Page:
Posted on October 24 2017
A forest fire is a huge spectacle, as towering trees explode in flame, and thick smoke billows away from the roaring inferno. Though they sometimes burn for weeks or months, the hard work of fire crews, retardant-dropping airplanes, or the change of seasons that brings rain and snow eventually wins out over the flames. Not so with peat fires. Peat is a deposit of preserved organic material that collects in bogs or on forest floors to a depth of a few feet to as much as 33 feet. Formed in poorly drained depressions in wet climates, this accumulation of peat moss over decades or longer is a rich store of carbon. People have long cut material from bogs and dried it for fuel. A brick-sized chunk can burn for an hour. As long as these features remain sufficiently wet, they are very stable and have been known to preserve the bodies of people who have died in them and been buried under many years of accumulated mosses and other debris.
Peat also forms on rainforest floors after long years of accumulation of fallen tree leaves and branches, whole trees, vines and other plant materials. Decomposition occurs much faster in the warm environment of a tropical forest, but there is a rich and continuous supply of organic detritus. Mosses and ferns, which can thrive in the low-light conditions, are the major component of the living forest floor community, similar to that in a bog. In either case, there is abundant water and if undisturbed, the chemistry of the environment perpetuates itself, building up the peat layer.
Trouble comes when the moisture content of a peat bog drops to a lower level as a result of some outside factor. A change of climate or shifting drainage patterns can desiccate the peat. If in that drier state a fire is started by accident or design, the effects can be long-lasting. Peat fires are not scenes of leaping flame but rather, slow smoldering. They can burn very deep, making extinguishing them quite difficult. Sometimes a large area must be flooded with the water from a diverted stream in order to smother the burning material. Bog fires can burn for months, or years. In the rainforest, the peat below the trees is not in danger of fire until the forest is cut down. As the cover is removed, the land may dry out. Or, as is common, the peat areas are trenched and drained by agriculture interests hoping to start a plantation for palm oil on clearcut land. But fire here is often at hand. One of the frequently used methods of clearing the unused biomass left over from a massive logging operation is to burn it off. If the peat underlying the burning cut vegetation catches fire, a peat fire of enormous dimensions may result. These fires burn slow and hot and release not only huge amounts of CO2, but also methane, a potent greenhouse gas. Some peat fires can only be defeated by a strategy similar to cutting lines around a forest fire and letting the interior burn. Trenches are cut down to bedrock all around the burning peat, and once the encircled material is burned, the fire is over. However, this is an expensive and difficult method.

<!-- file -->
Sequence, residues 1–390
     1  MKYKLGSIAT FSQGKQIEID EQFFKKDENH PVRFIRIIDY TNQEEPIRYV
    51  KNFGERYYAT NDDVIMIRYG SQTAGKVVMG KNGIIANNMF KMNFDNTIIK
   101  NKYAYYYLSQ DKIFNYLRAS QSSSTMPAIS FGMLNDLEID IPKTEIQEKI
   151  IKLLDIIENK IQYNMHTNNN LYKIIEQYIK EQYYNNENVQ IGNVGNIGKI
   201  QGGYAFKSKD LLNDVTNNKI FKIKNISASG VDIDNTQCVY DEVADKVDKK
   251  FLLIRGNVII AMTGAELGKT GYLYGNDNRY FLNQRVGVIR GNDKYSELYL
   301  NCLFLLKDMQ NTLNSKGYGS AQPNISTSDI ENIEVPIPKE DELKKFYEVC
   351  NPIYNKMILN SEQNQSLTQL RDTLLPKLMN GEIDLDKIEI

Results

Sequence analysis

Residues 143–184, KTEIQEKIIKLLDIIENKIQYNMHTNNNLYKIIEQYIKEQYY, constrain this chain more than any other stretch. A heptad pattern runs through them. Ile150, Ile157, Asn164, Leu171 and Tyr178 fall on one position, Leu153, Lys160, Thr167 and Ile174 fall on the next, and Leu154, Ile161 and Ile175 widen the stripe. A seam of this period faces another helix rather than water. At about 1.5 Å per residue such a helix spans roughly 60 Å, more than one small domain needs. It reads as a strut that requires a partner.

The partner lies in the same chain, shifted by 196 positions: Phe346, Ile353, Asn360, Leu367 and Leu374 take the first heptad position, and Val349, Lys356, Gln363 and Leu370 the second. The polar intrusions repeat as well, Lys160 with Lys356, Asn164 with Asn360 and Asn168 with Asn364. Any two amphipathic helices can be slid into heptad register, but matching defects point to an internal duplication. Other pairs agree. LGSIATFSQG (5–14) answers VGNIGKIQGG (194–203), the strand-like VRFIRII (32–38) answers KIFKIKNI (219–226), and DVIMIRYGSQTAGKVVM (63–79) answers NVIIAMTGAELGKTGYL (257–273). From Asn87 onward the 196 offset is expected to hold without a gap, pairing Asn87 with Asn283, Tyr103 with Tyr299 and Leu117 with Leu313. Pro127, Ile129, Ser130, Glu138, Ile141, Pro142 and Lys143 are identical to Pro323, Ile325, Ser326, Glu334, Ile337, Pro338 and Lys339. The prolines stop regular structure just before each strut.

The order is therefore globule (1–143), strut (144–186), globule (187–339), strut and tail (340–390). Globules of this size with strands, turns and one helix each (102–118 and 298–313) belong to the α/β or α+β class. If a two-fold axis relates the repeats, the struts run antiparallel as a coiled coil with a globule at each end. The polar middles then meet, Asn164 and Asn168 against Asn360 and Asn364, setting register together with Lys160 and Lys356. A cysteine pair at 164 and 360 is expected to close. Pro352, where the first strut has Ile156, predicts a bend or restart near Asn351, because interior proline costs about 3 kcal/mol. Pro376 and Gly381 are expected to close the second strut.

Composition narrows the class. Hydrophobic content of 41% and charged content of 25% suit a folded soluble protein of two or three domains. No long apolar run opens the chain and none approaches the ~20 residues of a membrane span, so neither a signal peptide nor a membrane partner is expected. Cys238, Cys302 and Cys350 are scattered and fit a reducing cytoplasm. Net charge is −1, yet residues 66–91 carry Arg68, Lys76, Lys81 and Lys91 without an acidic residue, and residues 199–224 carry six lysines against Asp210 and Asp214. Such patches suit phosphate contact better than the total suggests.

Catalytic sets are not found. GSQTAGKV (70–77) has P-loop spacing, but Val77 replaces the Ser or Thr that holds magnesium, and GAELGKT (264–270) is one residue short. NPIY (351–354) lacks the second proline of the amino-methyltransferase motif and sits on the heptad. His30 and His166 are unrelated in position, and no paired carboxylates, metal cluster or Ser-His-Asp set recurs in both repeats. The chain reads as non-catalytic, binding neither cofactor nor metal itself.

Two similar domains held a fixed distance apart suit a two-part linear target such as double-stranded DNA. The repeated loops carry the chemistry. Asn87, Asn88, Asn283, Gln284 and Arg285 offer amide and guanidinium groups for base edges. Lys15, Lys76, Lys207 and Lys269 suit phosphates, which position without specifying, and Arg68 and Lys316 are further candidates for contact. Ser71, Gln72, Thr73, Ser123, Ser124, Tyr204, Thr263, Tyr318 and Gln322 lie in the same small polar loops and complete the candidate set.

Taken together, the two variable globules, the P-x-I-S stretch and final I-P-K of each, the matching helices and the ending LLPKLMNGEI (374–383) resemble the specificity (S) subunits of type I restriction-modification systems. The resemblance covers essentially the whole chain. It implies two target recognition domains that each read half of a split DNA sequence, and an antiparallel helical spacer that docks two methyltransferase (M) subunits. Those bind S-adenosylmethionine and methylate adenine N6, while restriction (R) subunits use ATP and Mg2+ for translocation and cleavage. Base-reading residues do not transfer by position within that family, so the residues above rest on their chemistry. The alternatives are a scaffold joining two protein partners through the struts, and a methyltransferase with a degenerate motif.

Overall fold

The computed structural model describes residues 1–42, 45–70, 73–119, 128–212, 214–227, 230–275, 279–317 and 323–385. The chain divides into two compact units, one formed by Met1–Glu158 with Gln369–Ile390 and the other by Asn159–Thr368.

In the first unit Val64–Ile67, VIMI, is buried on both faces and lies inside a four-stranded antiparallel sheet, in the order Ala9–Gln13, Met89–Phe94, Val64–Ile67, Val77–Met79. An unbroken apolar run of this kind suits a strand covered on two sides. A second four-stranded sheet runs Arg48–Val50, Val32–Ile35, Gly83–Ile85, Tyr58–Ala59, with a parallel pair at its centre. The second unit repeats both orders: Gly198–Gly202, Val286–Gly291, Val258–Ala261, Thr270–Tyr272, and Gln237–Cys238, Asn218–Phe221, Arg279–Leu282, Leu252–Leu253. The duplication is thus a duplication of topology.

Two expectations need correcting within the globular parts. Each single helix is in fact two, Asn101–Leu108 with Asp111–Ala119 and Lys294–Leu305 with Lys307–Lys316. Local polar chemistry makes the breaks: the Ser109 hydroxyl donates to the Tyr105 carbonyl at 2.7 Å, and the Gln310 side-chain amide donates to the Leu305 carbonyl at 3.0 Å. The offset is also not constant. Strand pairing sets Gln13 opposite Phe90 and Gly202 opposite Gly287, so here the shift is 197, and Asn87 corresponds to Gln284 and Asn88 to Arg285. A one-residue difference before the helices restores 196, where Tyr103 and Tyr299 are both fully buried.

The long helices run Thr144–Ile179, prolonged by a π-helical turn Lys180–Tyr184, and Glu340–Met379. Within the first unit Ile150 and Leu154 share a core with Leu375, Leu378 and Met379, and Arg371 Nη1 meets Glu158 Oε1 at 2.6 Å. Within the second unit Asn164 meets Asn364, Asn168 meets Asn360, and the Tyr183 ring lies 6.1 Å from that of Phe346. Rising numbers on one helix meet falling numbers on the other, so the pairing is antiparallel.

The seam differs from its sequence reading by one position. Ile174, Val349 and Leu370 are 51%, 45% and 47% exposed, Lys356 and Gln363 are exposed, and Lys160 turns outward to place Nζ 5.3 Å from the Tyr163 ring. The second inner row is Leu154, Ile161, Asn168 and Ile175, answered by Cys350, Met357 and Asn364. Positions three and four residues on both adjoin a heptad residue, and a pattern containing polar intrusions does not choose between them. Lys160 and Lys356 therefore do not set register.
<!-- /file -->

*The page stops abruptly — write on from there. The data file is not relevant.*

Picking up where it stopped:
Peat bogs only go so deep, but there is another kind of underground fire that can burn very far below the surface. These are coal seam fires. They can start by natural means, such as a lightning strike where a coal deposit reaches the surface, but much more likely points of ignition are in mines. Mine shafts also provide access to air, which facilitates burning. Coal fires are known to burn for decades, such as the one in Centralia, Pennsylvania, started in 1962. A fire at a waste dump spread to a surface outcrop of a coal seam, and moved to an abandoned coal mine. It was soon out of control, and continued to burn under the town of Centralia, causing the expensive relocation of almost all the town’s residents. It is still burning today, and is predicted to continue for at least 250 years.
But that quarter-millennium is nothing compared to Burning Mountain, or Mt. Wingen, in New South Wales, Australia. The coal fire there has been smoldering for an estimated 6,000 years. Early settlers thought the smoke and heat were coming from a volcano, but it was merely a smoking hill. Now burning at a depth of around 100 feet, it moves at a speed of about 3 feet per year, changing the appearance of the surface as it goes. Vegetation dies off as the heated ground and noxious gasses approach, leaving chemical deposits on the rock and creating cracks and areas of subsidence. How it began is of course unknown, but possible causes are lightning, internal combustion, or grass fires either natural or started by Aboriginal Australians.
Some people are actively trying to set fires in coal seams. However, their aim is to produce energy. Underground coal gasification (UCG) is a method of accessing the energy bound up in coal deposits that are too deep to mine. These deposits are below drinkable groundwater stores, usually deeper than 1,200 feet. Some UCG operations inject chemicals into coal deposits to free up gases, and others utilize combustion. In these, two wells are drilled into a deep coal seam, one to deliver air or pure oxygen and an igniter, and the other to draw off the emerging gas and impurities as the coal burns. Sounds simple, but the process has its problems. Some of that stuff that comes up with the usable gas is pretty noxious material, and there can be land subsidence as the coal seam is reduced to ash. Uncontrollable, long-term burning does not appear to be an issue, however, as sealing the air intake well and flooding the whole operation with saline groundwater snuffs out the deep fire. The process has enough drawbacks, including excessive greenhouse gas production, that it hasn’t taken off in a big way yet.
So the fires down below burn in a number of different forms, some more hellish than others, but all distinctively different from most of the conflagrations we see at the surface.